Éva Bodrogi - voice Katalin Koltai - guitar Zsolt Bartek - clarinet
The long-standing cultural links between Paris, Rio de Janeiro and Buenos Aires served as inspiration for our musical journey. Our guides for this voyage were some of the most popular Argentinean, Brazilian and French composers from the first 60 years of the twentieth century (Piazzolla, Satie, Villa Lobos, Ginastera, Ovalle). Their works also inspired our improvised interludes. As our musical journey unfolded from concert to concert, we noted that the sounds and places of our own hometown, Budapest, became evermore interwoven into the work. We came to understand that we were being influenced not only by the music of the three foreign cities, but also by our own environment as well.
Brazilian composer Heitor Villa-Lobos set out from his homeland, ardently believing himself a modernist. He arrived in Paris, in the world of Montmartre’s Années Folles, and soon was rubbing elbows with the likes of Erik Satie and Jean Cocteau. In this new environment, however, his music was no longer considered modernist. Instead, audiences were intrigued by the artist’s "exotic" background and the musical traditions of his distant native land. Villa-Lobos eventually became known as "Brazil’s national composer", in great part as a result of his experiences in Paris.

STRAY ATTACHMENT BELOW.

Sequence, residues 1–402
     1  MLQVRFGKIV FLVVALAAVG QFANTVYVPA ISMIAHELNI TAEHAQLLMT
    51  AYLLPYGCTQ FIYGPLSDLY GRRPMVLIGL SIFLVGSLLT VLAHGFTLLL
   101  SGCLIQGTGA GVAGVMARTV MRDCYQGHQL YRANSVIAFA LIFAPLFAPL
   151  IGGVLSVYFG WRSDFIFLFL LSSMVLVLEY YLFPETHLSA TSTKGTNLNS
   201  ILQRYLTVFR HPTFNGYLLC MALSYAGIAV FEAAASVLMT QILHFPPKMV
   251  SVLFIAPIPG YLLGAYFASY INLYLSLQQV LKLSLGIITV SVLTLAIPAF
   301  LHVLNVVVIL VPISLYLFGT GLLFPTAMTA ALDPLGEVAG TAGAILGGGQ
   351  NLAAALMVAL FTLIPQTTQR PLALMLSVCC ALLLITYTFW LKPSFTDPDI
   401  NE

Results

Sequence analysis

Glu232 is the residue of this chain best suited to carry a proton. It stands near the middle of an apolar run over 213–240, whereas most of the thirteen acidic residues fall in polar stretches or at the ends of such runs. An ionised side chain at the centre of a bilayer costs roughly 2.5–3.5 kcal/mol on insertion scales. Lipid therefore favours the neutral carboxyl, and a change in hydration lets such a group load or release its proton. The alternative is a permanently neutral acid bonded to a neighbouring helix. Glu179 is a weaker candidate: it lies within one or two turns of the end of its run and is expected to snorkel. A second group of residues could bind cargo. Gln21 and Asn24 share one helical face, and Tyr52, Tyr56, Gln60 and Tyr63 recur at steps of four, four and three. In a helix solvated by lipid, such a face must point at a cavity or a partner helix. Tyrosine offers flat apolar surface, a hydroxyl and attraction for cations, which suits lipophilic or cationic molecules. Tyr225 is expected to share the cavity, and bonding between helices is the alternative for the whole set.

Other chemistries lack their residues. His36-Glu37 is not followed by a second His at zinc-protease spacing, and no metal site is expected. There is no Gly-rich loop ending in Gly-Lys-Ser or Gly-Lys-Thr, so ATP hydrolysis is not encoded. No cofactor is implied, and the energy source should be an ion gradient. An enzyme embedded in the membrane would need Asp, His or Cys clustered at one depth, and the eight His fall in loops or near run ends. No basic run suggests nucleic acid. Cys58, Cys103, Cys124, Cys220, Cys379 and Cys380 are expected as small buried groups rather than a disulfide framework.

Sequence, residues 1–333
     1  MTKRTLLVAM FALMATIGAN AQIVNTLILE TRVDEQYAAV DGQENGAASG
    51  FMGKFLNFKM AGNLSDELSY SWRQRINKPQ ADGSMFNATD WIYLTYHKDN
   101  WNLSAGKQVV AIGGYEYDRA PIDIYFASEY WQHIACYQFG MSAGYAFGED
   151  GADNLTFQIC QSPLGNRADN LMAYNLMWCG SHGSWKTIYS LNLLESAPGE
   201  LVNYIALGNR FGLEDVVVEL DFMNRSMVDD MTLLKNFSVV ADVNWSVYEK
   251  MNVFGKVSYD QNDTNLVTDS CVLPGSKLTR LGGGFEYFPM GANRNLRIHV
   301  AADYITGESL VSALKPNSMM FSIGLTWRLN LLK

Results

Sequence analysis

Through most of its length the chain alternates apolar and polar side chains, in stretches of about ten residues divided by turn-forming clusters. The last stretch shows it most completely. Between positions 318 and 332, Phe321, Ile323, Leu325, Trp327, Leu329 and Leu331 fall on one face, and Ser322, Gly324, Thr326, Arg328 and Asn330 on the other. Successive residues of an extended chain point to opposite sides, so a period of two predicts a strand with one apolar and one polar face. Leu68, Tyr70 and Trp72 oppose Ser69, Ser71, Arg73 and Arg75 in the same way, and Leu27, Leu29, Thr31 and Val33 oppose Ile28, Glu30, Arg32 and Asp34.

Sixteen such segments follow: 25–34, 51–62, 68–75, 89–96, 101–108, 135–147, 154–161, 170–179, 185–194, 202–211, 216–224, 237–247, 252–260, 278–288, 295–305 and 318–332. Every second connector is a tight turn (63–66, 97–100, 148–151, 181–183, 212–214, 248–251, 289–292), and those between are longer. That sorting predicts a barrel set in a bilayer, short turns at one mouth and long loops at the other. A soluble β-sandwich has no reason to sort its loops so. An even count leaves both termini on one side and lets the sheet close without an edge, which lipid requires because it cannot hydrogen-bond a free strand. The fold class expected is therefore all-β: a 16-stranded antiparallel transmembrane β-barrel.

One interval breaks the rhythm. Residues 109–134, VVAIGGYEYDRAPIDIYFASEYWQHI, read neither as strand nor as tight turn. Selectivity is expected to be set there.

Thirty years later, Astor Piazzolla – arguably Argentina’s most famous composer – arrived to try his luck in the French capital. Now finding himself at the intellectual center of the French composers’ group Les Six, the young bandoneón player and tango composer did his best to turn himself into a classical composer, taking classes at the Paris Conservatory. His professors, however, objected to what they found to be a lack of individuality in his compositions. As the story goes, Piazzolla first "discovered" his own style when he reluctantly showed some of his old tango pieces to one of his professors at the conservatory.